Honest - discreet - the killer took something — what precisely was up? Rand felt a vague, tense thrill. It was a familiar feeling that he got at the start of a good case. A familiar feeling - but it had been a long time since he had felt this. It had been before Hannah had packed up and moved out . . . and perhaps if he had truly been honest and discrete, perhaps she would have. . .

      He called Hannah and told her he'd be out of town for a couple of days. Her voice turned icy when she realized who was calling. "And what do I care where you are!"

      He said, "I was hoping you might move back in."

      "Whatever for!"

      "At least come over and water the lawn. You still own half of the place."

      "I'll get it all, before I'm done with you," she said angrily. "And what's more - you can go to hell!" From the way she banged the receiver down into the cradle, he guessed she was still mad at him.

      He went into the kitchen and got a cold beer out of the Frigidaire and drank it while he found his battered suitcase. In it, he packed a faded old shirt and jeans, underwear, socks and a couple of changes of decent clothes. At the back of the closet he found a badly worn pair of boots he had planned to give to the Salvation Army.

      He threw in his favorite hat, an old Three-X Beaver Stetson that was greasy on the brim and rimmed around the crown with sweat salt. It was not what he usually wore when visiting clients, but it was perfect for the work he'd be doing, and so worn it didn't matter if it was smashed flat in the suitcase. He also packed a snubnosed .32 S&W revolver without a holster.

      Ignoring Noreen Hood's instructions, he dressed in a freshly-ironed short-sleeved shirt and pressed chino pants. He put on his lizard boots and his dress Stetson. When he looked in the mirror on the bedroom door, he thought he looked pretty spiffy. In his business, it paid to look prosperous.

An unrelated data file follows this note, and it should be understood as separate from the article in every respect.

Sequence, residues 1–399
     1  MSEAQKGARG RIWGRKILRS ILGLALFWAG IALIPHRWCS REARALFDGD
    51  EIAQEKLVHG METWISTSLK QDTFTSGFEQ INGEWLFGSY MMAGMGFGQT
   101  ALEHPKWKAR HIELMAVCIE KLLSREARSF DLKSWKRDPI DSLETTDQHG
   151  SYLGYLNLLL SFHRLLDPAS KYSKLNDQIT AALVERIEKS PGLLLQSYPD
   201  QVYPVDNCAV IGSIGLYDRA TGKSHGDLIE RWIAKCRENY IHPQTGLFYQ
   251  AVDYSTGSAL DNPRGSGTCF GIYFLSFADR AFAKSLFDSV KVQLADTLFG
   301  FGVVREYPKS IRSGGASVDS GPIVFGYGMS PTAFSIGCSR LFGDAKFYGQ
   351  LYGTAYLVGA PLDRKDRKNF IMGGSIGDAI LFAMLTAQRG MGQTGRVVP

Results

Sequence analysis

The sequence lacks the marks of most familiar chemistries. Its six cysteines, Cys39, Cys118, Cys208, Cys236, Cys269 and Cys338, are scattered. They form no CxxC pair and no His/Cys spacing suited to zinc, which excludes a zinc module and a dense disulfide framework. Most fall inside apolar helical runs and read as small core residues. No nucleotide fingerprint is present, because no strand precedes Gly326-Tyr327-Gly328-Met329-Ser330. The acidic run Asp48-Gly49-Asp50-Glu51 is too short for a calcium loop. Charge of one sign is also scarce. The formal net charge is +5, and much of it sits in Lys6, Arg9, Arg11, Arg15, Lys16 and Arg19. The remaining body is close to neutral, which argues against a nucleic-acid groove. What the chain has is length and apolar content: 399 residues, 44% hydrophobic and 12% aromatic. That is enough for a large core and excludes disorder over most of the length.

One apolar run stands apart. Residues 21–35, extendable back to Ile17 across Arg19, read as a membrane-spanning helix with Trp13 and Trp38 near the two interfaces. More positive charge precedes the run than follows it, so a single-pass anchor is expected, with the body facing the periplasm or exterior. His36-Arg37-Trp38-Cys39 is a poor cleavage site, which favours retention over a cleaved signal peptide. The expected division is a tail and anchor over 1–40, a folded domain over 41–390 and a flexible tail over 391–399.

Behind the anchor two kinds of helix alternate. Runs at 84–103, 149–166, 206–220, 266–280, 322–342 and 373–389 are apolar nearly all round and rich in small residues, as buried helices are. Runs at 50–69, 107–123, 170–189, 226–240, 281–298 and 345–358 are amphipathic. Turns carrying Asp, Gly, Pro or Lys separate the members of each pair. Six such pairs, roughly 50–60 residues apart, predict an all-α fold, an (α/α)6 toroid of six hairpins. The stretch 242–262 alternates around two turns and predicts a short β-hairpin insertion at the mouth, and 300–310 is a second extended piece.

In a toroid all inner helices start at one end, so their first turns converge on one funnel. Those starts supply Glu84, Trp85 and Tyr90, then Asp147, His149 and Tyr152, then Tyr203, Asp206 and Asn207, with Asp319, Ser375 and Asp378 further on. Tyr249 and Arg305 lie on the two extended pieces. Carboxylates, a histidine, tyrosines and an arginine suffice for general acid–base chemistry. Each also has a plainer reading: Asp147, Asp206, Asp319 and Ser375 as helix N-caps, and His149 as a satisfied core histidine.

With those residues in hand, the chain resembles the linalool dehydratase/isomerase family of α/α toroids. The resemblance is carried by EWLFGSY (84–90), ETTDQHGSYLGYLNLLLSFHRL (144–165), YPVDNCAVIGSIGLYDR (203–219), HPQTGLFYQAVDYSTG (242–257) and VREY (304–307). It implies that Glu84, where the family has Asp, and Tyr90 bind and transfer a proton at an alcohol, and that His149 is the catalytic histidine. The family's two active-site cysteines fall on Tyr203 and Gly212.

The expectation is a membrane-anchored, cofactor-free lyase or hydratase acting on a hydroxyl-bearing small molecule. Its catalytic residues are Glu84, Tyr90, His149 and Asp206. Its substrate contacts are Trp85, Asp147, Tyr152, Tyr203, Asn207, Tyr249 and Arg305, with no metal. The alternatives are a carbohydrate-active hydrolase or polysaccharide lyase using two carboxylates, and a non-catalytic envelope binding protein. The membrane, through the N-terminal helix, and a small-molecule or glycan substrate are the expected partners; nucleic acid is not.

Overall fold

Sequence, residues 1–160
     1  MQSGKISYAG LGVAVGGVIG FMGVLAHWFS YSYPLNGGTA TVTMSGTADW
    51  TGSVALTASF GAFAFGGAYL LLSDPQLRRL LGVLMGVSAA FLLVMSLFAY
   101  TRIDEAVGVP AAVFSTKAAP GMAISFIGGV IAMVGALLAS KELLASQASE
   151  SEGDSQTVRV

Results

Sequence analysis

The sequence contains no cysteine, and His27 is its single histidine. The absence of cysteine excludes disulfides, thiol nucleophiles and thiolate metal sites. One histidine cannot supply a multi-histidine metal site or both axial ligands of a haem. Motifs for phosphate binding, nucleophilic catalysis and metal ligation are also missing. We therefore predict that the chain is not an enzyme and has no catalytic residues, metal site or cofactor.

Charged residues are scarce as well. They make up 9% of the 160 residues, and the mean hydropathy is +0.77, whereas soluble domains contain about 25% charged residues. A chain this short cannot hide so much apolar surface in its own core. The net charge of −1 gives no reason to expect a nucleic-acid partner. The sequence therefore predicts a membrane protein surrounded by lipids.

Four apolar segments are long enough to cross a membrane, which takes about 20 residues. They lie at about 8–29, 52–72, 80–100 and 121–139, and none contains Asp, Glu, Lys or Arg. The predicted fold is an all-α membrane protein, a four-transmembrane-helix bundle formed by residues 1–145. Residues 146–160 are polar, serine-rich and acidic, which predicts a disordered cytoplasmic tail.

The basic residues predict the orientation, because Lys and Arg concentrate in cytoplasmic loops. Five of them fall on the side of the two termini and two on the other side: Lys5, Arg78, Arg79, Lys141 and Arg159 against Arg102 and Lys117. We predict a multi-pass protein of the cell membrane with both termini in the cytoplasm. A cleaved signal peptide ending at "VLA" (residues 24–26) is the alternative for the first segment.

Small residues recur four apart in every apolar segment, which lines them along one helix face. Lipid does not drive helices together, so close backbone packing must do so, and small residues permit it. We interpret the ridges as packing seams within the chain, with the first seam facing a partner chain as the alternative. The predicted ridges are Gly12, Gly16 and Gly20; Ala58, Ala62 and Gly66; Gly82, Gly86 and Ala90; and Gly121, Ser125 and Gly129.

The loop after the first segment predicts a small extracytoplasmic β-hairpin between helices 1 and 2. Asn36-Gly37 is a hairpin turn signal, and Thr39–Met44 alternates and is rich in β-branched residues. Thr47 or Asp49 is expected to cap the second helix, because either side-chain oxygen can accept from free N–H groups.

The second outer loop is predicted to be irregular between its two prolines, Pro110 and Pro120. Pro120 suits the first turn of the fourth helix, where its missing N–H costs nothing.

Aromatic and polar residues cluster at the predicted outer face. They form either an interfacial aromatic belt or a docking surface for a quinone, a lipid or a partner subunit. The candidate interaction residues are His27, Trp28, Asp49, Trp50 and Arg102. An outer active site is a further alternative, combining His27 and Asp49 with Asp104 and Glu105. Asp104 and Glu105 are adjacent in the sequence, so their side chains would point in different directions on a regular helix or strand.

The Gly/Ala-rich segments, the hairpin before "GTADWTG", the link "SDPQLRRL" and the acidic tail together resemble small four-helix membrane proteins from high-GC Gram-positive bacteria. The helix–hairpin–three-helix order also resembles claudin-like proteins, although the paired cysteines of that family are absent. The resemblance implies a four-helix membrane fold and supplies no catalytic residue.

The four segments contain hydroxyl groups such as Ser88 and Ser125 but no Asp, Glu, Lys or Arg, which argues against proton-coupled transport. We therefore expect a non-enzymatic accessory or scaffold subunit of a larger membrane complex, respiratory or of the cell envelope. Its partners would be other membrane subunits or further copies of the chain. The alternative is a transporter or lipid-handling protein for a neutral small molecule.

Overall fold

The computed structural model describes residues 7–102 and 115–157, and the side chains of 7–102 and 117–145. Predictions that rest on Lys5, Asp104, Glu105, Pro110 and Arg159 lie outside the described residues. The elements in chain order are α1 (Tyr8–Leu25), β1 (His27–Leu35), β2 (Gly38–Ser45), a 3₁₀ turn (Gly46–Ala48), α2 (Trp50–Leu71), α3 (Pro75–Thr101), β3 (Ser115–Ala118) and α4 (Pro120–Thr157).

Then he phoned Sid Longstreet and thanked him for the reference. "Who was the lawyer who called you?"

      "Leonard Pritchard," Longstreet said. "He told me he wanted somebody discreet to do a job for a friend."

      "How well do you know him?"

      "Not very well. He beat me in a case one time. The guy's probably the best lawyer in Las Cruces. A sneaky little grandpa type who can turn into a shark. What kind of a job he want you for?"

      "A sort of domestic problem," Rand said. "I'm going up there. If I come over, will you give me some of that two hundred you owe me?"

      Longstreet got indignant. "Hell no. Isn't it enough I gave you a good recommendation?"

      "No, not near enough," Rand said. But he guessed for now it would have to do.

      He went out into the front yard and squirted the dry grass with the sprinkler for a couple of minutes, but the hose had been in the sun and the water came out hot. He decided most of it would probably evaporate before it sank into the ground, so he turned it off. Around back he checked the evaporative cooler that hung in the kitchen window. The copper line that carried water to the tray that dripped on the shaved-wood excelsior pads was plugged with calcium carbonate. He cleaned it out with his pocketknife and got the cooler working again, so if Hannah did come home she wouldn't fry, or accuse him of letting things run down.

      He threw the suitcase into the Chevy and headed up Mesa Street toward Highway 80 and Las Cruces. Driving along past the ASARCO smelter, he identified what had bothered him about the call.

      Mrs Hood had quit crying too suddenly.

      She didn't give a damn about her husband. She was hiring him to steal back whatever the killer had taken.